While having my coffee the next morning I heard the workers pass by. Seemed a little odd that they were starting before 4:00 a.m. with only the moonlight to see by, but then I remembered them digging in the hot sun the previous afternoon and I thought I understood. I didn’t. My landlady later explained that “there is a traditional way to build a house.” The workers had come before sunrise to place in the new excavation some hair, a few old coins, and blood. The hollow blocks they build with around here literally crumble in your hands, so maybe it’s not a bad idea.

April 16, 2009

Let’s Eat

Filed under: siquijor — Donald @ 12:43 pm

Lechon

Philippine custom is that if it is your birthday, you throw the party. My plan for a simple little gathering spun so out of control that after two days of shopping I ended up with a hundred pound pig, four big fish, five chickens, three cases of beer, two cases of rum, and a live band. Part of the idea was to give a little back to the community, but my neighbors ended up doing most of the work.

All I did with the pig was pick her out of a back yard pen a few houses down. These guys took care of everything else.

Lechon Masters

Women friends came hours early to help me clean and set up. They attended to the other guests, danced up a storm, and stayed until every dish was washed.

The Welcoming Committee

Bebe, my landlady, neighbor, and best friend in the islands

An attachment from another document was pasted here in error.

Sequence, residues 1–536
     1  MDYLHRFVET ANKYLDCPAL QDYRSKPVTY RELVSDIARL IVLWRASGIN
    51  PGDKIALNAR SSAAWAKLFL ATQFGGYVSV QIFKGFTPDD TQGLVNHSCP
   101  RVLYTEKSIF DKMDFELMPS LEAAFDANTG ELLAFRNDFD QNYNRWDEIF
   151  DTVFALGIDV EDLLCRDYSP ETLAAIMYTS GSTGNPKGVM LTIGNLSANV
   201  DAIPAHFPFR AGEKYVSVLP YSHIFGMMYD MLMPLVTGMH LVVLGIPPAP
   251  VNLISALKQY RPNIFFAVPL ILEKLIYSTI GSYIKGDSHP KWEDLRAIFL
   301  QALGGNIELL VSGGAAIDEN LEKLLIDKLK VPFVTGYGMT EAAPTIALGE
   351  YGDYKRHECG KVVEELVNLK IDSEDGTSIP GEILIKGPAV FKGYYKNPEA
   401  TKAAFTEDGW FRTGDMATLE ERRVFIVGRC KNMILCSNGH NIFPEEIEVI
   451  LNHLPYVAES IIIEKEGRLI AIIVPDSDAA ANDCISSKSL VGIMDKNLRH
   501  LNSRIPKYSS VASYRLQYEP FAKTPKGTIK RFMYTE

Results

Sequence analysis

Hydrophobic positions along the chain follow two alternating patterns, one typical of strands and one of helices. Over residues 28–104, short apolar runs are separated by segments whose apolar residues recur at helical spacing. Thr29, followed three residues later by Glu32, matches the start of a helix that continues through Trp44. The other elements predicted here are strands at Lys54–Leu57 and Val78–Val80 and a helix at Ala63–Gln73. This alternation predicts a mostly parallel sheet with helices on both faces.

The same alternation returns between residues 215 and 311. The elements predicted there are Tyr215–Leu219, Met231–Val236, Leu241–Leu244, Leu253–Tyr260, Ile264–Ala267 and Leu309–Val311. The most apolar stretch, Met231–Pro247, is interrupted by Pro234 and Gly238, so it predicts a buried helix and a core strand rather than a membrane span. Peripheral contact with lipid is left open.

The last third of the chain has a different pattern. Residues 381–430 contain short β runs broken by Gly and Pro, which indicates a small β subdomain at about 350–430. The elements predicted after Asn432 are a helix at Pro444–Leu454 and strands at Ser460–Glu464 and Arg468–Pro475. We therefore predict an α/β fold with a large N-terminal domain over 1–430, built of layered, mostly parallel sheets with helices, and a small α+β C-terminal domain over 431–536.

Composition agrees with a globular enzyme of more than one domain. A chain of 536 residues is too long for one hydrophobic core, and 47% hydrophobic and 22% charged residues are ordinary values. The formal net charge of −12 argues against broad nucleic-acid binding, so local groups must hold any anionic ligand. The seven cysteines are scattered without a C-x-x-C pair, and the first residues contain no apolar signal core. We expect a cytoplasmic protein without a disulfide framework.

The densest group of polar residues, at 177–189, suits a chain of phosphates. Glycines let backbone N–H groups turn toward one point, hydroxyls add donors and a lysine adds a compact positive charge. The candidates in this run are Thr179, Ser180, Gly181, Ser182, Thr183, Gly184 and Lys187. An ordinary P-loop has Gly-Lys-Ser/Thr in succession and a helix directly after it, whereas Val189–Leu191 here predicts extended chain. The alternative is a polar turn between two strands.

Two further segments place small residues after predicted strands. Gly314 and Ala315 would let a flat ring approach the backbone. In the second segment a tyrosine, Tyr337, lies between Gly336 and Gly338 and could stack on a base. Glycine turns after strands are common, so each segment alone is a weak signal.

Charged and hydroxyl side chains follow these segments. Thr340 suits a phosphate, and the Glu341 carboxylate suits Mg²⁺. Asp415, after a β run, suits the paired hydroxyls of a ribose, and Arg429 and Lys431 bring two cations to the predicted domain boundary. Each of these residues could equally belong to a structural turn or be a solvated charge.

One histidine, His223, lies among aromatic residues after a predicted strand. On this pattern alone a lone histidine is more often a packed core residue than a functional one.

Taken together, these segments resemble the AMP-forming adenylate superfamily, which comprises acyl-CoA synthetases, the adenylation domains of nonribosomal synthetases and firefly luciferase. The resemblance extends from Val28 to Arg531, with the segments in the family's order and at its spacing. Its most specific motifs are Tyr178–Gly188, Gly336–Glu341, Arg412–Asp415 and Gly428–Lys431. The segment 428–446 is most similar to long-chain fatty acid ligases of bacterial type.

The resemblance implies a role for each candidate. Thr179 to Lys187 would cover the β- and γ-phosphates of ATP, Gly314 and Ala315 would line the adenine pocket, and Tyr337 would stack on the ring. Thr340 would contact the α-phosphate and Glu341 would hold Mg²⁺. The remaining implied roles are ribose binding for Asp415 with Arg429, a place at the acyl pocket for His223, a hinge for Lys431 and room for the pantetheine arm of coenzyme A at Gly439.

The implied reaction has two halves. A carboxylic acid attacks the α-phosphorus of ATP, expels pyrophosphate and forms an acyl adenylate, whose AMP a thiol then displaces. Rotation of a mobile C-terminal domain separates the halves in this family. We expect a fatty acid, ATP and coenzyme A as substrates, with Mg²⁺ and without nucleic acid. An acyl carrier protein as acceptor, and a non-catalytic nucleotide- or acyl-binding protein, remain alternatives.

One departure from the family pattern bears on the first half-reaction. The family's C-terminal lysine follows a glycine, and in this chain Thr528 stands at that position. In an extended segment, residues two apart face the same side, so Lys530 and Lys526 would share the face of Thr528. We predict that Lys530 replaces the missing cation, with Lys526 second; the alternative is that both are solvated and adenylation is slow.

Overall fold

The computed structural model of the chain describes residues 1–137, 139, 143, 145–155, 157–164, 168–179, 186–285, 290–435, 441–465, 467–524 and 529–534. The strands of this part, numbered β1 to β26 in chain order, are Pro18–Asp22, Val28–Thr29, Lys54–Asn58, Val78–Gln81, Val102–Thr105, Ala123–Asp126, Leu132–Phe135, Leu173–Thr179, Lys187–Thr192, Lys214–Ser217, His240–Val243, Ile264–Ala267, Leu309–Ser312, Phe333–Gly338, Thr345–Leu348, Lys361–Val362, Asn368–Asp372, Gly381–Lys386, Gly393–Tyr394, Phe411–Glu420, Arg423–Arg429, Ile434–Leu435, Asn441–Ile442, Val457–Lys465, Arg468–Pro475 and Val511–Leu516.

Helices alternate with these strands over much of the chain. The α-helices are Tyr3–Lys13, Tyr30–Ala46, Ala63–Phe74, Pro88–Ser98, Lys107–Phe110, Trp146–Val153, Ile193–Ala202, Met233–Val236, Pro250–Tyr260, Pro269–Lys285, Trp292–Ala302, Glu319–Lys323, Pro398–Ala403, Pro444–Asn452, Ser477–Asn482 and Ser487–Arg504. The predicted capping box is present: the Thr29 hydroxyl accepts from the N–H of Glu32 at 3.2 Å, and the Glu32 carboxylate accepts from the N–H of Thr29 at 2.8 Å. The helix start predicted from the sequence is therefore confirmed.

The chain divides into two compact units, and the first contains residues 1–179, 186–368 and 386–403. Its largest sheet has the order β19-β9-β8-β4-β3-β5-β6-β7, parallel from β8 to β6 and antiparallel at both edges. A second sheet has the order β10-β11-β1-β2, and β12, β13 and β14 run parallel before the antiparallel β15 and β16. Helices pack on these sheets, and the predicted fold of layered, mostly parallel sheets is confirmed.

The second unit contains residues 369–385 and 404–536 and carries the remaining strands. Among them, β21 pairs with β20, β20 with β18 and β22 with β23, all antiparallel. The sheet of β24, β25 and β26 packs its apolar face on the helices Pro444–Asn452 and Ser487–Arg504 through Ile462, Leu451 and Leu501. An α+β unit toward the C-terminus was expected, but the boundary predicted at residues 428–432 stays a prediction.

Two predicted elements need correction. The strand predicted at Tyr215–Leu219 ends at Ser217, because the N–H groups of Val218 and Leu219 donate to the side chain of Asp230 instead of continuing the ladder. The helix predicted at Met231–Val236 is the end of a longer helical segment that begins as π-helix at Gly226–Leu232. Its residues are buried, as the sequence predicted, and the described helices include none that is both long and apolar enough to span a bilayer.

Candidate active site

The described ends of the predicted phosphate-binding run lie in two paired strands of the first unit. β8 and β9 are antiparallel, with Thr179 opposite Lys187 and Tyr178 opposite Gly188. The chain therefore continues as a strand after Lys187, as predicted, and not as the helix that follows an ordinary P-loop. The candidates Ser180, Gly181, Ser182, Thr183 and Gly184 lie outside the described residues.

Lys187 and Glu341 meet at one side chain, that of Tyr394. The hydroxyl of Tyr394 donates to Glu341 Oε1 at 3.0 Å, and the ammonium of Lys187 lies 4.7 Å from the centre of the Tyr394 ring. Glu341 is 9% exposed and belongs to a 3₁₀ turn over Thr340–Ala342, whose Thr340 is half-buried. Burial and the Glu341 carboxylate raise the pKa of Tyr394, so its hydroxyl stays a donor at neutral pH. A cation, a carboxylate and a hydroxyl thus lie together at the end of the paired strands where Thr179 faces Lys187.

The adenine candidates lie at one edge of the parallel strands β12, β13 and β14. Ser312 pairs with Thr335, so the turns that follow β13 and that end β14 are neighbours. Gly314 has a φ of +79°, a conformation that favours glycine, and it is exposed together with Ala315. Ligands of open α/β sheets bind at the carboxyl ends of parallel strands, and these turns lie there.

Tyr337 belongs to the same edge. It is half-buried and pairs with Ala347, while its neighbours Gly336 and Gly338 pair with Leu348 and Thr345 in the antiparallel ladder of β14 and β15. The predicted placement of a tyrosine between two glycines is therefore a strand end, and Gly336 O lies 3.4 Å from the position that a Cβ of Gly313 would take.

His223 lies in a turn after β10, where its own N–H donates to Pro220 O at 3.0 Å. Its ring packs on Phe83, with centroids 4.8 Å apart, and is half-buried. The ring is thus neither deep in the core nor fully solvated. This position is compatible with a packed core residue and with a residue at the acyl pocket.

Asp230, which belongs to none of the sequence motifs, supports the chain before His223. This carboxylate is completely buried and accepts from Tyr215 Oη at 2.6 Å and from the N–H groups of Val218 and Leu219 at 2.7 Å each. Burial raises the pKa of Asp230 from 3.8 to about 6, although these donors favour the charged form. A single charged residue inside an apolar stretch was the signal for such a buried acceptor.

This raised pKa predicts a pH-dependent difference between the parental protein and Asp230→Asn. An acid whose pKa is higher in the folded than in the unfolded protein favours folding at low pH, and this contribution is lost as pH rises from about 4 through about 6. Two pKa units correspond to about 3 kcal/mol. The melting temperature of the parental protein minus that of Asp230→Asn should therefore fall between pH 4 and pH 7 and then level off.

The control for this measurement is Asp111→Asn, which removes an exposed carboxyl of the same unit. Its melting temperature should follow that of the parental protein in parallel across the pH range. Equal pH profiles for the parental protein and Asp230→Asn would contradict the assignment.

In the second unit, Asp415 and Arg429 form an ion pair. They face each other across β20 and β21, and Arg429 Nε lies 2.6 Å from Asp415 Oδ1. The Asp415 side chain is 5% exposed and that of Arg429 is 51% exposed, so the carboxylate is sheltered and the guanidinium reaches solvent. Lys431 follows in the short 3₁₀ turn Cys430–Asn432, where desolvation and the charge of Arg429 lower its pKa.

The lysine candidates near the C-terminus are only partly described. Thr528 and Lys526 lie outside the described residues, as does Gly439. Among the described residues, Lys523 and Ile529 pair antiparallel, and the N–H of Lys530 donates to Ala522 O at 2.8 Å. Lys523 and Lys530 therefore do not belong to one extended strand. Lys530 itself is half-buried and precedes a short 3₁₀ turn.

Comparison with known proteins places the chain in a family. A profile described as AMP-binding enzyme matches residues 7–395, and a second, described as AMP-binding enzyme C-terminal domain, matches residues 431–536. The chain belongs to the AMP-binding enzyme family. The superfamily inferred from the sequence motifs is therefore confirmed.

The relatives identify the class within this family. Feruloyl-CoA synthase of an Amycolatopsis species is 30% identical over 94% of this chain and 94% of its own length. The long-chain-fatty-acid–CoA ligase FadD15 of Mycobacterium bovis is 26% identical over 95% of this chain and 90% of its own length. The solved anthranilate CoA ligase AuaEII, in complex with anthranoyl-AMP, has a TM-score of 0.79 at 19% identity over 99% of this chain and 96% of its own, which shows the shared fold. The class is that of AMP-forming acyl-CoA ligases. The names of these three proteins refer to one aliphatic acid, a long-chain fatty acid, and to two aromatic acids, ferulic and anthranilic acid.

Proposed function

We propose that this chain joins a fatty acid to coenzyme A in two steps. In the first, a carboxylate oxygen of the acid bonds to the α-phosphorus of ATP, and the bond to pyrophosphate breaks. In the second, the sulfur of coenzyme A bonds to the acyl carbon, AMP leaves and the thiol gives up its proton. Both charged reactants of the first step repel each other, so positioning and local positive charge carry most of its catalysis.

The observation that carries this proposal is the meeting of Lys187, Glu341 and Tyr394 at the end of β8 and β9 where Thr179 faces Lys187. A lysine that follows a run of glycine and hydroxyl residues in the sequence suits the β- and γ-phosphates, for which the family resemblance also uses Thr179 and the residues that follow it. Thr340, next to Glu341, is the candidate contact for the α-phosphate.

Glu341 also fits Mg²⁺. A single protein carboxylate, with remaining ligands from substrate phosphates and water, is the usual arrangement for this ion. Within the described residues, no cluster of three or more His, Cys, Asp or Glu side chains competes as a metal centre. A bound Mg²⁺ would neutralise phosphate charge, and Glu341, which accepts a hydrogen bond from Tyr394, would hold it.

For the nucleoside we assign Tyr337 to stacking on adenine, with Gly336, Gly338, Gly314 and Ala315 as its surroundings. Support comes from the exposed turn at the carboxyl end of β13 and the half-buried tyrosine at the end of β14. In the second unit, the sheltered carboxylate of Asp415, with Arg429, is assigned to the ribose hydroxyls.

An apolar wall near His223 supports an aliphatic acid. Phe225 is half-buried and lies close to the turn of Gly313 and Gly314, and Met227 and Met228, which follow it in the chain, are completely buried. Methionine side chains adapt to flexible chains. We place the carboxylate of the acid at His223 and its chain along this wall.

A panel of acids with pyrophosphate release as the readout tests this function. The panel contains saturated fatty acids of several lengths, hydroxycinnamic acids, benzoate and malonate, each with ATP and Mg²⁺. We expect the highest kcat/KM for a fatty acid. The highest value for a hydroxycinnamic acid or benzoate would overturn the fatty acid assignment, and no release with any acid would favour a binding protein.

One patiently explained while mincing a couple dozen heads of garlic, “It is hard for a man to do these things.”

February 27, 2009

Gimme Piso

Filed under: siquijor — Donald @ 8:10 am

Allied Bank Siquijor

I hoped never to know about the vital signs of banks. That’s a luxury I can’t afford anymore, so lately I’ve spent a ridiculous amount of time on the Philippine Stock Exchange website reading disclosures of capital adequacy and non-performing loan ratios, returns on assets, and other stuff the accountants made up. The result is a couple of bank accounts that will allow me to diversify my currency exposure and finally begin losing pesos just like everything else. A dollar buys a lot of local coin right now, but that may change after the current panic abates and the Philippines elects a new President next year. Good a time to move in as any. Fortunately, the security procedures at my bank here on the island are very reassuring.

Bank Notice

January 6, 2009

Stormy Weather

Filed under: siquijor — Donald @ 12:24 pm

girl

[Written January 4, 2008; posting delayed by tropical depression]

In my neighborhood we usually get no warning at all of nearby typhoons. A couple of months ago we did and people diligently began making preparations. When I checked the internet I found that the system had already passed and was heading for China.

It began raining hard here a few days ago. New Year’s Eve it poured. I was at home with a fever so it didn’t matter much to me, but it put a damper on the last big night of holiday celebrations for my neighbors. In days since, the sun has not shone and the winds have picked up. I guess that means another unannounced system is passing to the north. Unusual weather for January; maybe the sea has stayed warm late this season. Not good for the many Filipinos who have been visiting family and will be taking ferries this weekend back to wherever they work. Foreign tourists will also be seasick, but at least their ferries probably won’t sink.